Difference between Islam and Christianity


In the past 2000 years, two major world religions have emerged from the sandy peninsula we now call the Middle East: Islam and Christianity. While these two religions vary in history, belief, and practice, they also have many similarities.

History

Islam: in 610CE, God gave his first declared revelation to the Prophet Muhammad at a cave in Hira. The first year of the Islamic calendar begins in 622CE, when the Prophet Muhammad and his followers moved to Medina.
Christianity: Jesus Christ was born in 1CE in Bethlehem. When he was thirty, he began to preach the word of God. In 33CE, Jesus was crucified in Jerusalem; Christians believe he was resurrected three days later and eventually ascended into heaven.

Beliefs
Islam: is centered on the belief that there is no god but God, and Mohammad is his prophet. They belief that their holy book, the Quran, is a direct transcription of the word of God. Islam means a submission to the will of God.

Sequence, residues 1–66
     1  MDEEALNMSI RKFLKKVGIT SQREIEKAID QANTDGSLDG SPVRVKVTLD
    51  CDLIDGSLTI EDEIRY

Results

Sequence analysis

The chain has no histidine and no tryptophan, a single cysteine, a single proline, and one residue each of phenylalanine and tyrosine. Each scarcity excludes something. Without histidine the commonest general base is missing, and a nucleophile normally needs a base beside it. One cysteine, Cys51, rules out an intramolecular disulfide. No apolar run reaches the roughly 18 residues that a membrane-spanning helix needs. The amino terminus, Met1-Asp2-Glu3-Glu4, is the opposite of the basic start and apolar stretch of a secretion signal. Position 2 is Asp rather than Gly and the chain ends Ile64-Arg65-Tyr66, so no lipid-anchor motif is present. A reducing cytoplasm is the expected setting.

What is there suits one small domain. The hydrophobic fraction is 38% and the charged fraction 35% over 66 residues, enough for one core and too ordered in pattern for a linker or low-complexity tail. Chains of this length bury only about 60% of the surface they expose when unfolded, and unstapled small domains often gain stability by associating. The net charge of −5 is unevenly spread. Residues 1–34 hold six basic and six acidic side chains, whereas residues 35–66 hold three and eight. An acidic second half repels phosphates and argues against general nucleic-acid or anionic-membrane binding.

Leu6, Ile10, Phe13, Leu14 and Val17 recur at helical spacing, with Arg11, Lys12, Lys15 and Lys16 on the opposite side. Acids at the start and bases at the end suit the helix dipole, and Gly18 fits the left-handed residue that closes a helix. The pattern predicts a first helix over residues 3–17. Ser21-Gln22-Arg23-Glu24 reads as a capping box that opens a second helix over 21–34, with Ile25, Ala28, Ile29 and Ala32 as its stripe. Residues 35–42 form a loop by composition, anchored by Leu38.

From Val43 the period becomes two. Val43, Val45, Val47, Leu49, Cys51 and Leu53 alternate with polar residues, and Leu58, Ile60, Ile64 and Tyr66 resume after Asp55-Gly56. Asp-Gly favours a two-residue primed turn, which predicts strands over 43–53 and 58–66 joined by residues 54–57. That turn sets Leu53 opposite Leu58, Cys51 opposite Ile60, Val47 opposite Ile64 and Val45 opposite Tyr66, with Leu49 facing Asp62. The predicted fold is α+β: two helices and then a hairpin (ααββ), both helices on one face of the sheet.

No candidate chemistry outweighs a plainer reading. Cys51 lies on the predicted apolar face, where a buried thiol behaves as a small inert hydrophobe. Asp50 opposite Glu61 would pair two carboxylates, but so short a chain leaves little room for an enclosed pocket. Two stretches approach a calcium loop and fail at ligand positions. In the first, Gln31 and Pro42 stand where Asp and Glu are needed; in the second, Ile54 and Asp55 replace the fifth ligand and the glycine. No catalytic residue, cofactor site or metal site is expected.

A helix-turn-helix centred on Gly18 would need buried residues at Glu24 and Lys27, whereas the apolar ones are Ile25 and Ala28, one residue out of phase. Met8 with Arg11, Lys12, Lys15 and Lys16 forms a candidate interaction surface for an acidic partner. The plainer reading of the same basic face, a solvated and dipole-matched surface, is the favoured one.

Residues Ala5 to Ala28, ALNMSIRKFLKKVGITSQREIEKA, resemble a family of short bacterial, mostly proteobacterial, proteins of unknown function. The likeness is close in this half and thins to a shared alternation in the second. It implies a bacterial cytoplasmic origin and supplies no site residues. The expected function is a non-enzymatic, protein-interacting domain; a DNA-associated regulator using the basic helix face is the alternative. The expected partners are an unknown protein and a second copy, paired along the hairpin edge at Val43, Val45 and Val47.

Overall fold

Christianity: believe that God sent his only son, Jesus, to save them from sin. Those who believe in the Father, Son, and Holy Spirit will have eternal life.

Practices
Islam: there are five pillars that create the core Islamic practices. Shahadah is the recitation of their fundamental belief. Salah is the ritual prayer that must be said five times a day. Zakat is the giving of charity to the poor. Sawm is fasting during the month of Ramadan. Hajj is a once in a lifetime pilgrimage all Muslims make to Mecca.
Christianity: asks its followers to attend church every Sunday. They should confess their sins and partake in communion. Penance for sins can include alms-giving or good works.

Common aspects of Islam and Christianity

Began in the Middle East and consider Jerusalem to be a holy city.
Are monotheistic – believing in a single supreme being.
Have been successful proselytizers, spreading far beyond the Middle East to become world religions.
Have a holy book in which they believe the word of God is written.
Espouse daily, weekly, and yearly rituals and ask their followers to adhere to a specific moral code. Have had internal division, leading to different branches or sects.

 


Comments are closed.